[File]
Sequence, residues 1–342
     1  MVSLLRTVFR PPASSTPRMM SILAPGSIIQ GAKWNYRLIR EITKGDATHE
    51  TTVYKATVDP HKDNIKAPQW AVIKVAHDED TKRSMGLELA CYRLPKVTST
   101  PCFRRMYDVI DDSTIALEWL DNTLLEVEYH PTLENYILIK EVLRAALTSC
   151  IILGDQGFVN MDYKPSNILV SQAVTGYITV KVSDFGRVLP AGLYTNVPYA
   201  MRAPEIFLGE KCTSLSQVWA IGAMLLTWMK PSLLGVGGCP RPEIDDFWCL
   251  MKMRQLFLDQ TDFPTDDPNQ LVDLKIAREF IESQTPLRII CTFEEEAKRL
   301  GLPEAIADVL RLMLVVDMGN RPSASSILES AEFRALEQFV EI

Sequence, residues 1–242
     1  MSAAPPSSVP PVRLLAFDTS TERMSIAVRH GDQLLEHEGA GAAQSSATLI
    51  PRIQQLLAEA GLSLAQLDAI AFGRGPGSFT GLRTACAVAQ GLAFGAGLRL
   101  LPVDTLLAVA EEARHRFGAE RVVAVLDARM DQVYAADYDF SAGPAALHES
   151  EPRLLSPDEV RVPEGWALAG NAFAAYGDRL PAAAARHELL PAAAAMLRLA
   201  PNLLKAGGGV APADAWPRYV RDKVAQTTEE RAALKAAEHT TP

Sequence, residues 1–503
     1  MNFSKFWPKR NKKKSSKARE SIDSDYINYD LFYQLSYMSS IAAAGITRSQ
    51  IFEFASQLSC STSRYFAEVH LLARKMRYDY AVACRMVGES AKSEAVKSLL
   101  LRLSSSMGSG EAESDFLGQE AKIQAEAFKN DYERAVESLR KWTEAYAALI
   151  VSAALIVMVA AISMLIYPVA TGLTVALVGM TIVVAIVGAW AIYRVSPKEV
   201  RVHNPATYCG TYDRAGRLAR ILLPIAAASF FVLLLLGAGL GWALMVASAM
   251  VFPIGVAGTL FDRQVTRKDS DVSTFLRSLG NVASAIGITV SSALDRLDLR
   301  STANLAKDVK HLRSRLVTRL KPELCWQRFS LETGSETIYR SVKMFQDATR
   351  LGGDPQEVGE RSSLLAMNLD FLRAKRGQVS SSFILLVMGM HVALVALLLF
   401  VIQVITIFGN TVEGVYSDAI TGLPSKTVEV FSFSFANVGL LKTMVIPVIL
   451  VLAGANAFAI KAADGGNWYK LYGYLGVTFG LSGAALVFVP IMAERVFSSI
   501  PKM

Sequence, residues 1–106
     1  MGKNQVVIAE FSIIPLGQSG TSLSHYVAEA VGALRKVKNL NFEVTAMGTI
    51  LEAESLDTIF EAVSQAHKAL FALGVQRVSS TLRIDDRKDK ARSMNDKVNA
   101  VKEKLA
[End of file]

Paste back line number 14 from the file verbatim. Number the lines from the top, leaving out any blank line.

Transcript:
   201  PNLLKAGGGV APADAWPRYV RDKVAQTTEE RAALKAAEHT TP